As a beloved actress and civil rights activist, Ruby Dee was a force for equality. Whether she was speaking out against racism in a 1955 film or master of ceremonies at the 1963 March on Washington, she made her mark on American culture.
Born Ruby Ann Wallace in Cleveland, Ohio, on October 27, 1922, she grew up in New York’s Harlem district and was trained at the American Negro Theatre (ANT), which educated talents such as Sidney Poitier and Harry Belafonte. She also studied at Hunter College in Manhattan, where she met her future husband, actor Ossie Davis.
She and Davis became close friends of Civil Rights leaders Martin Luther King Jr. and Malcolm X, and she often played the role of eulogist at their funerals.
The couple became a productive artistic and activist partnership, appearing together in many plays and films over the years. Their most celebrated work included Lorraine Hansberry’s A Raisin in the Sun and Davis’ satiric Purlie Victorious, both of which they co-starred in on stage and in their respective film adaptations.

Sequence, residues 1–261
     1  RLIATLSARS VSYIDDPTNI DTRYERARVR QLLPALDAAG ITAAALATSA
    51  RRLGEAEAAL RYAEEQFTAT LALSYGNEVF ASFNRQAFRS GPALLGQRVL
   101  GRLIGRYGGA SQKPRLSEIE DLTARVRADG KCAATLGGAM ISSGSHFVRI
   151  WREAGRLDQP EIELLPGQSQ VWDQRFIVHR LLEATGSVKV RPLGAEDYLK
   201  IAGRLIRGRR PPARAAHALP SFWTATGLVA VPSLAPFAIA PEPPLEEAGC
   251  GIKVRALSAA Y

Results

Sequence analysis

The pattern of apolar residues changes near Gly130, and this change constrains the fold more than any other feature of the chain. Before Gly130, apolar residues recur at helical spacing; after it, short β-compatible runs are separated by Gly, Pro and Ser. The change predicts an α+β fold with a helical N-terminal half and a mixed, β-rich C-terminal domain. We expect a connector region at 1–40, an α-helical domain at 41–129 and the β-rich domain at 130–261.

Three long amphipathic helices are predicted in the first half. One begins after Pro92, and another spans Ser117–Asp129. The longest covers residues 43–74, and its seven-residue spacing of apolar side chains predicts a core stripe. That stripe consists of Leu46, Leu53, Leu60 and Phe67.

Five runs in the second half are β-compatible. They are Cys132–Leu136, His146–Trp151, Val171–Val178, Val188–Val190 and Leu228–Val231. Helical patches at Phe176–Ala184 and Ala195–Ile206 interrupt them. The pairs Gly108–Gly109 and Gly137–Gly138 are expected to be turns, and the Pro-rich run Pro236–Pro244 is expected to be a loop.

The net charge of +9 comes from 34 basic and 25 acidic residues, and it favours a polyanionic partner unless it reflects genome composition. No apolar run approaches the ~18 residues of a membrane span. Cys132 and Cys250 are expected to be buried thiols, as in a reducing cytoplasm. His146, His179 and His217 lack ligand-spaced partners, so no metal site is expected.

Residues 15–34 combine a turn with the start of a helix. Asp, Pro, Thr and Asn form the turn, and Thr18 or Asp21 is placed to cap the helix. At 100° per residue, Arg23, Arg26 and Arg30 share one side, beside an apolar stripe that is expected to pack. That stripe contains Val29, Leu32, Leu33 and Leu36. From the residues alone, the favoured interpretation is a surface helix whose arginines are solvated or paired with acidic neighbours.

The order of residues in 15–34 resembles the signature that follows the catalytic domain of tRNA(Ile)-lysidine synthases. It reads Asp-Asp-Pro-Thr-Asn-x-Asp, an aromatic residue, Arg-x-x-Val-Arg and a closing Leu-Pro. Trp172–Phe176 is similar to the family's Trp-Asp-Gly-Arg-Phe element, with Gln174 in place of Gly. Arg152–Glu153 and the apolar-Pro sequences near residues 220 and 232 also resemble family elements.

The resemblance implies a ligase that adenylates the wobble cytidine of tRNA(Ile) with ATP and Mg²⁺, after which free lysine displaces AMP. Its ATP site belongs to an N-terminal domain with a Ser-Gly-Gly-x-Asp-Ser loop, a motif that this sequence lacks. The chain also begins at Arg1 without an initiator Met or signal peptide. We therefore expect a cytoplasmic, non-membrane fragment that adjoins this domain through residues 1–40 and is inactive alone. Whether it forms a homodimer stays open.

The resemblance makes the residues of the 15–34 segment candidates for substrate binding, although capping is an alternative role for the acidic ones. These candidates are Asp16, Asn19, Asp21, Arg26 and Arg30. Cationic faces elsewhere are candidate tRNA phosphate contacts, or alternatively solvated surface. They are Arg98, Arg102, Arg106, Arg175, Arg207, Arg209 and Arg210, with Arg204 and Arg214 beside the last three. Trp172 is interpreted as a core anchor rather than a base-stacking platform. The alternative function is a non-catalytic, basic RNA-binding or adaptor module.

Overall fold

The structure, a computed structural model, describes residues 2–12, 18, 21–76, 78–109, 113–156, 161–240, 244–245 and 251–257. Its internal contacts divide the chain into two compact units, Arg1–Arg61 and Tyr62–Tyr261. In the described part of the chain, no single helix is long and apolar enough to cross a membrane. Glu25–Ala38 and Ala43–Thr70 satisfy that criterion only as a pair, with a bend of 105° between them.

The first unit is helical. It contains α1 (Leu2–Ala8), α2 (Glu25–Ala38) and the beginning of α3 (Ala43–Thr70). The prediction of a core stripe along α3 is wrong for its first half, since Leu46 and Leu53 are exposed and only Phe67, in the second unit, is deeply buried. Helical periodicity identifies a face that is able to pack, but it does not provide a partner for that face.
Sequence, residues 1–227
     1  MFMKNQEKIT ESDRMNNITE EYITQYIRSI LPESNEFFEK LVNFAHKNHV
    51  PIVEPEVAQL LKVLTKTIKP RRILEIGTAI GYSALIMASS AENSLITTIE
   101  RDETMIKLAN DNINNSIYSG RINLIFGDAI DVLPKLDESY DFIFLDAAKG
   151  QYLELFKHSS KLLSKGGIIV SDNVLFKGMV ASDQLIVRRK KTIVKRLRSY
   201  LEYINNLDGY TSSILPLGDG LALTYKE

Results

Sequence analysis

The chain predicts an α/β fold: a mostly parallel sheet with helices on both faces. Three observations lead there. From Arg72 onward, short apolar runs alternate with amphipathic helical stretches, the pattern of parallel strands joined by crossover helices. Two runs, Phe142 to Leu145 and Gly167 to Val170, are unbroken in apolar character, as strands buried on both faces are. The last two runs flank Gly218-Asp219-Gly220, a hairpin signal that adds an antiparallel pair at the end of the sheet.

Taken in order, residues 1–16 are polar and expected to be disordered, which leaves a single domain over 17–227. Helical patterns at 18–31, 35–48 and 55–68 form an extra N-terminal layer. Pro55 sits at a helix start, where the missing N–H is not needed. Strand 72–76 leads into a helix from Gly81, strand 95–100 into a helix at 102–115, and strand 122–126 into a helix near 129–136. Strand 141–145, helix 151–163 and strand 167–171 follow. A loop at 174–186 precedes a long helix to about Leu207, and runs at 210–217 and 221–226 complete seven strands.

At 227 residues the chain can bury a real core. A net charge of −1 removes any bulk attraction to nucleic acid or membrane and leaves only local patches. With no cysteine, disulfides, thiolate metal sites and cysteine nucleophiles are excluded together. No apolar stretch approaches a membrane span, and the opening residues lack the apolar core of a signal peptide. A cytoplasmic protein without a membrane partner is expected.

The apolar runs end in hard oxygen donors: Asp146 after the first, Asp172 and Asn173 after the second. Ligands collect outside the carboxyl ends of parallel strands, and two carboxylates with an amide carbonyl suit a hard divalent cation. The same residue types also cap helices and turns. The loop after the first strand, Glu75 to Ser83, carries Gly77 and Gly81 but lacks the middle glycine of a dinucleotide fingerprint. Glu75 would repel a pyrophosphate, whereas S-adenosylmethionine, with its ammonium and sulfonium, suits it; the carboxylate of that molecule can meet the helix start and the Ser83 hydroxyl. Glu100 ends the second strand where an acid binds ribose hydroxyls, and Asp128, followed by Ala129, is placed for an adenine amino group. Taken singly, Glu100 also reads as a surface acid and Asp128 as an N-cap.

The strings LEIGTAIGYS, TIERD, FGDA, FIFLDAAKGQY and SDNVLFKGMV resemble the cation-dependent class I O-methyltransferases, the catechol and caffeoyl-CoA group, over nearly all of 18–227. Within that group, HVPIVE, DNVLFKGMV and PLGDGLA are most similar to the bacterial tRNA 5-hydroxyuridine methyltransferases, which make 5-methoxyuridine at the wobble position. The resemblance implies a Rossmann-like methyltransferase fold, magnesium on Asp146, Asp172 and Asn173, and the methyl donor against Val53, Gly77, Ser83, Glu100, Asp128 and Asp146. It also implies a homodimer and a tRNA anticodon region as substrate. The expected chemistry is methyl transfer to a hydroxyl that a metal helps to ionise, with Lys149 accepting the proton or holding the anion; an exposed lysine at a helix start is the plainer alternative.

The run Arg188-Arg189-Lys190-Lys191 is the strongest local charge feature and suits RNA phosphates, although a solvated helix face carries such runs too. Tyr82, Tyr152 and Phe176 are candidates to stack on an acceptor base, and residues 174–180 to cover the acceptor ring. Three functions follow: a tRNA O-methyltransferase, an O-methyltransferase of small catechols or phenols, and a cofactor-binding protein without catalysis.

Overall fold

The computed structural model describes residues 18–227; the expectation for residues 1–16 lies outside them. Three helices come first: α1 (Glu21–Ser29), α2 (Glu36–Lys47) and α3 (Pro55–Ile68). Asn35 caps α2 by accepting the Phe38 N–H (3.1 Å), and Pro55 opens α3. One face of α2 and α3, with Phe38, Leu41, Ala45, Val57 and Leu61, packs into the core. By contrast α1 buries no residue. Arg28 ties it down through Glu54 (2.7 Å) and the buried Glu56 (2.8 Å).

Throughout her career, she was associated with various left-wing causes, from opposition to McCarthyite witch-hunts to anti-Vietnam war activity to support for the civil rights movement. But she was also a member of the American Stalinist party, and her attitude toward the collapse of the Soviet Union can be gathered from her poem “I’m Going to Miss the Russians.”
Her talent as an artist and her courage as an activist remain an inspiration to those who follow in her footsteps. Twice during Sunday’s Tony Awards, she was praised as a leader and role model, a legacy that will be continued.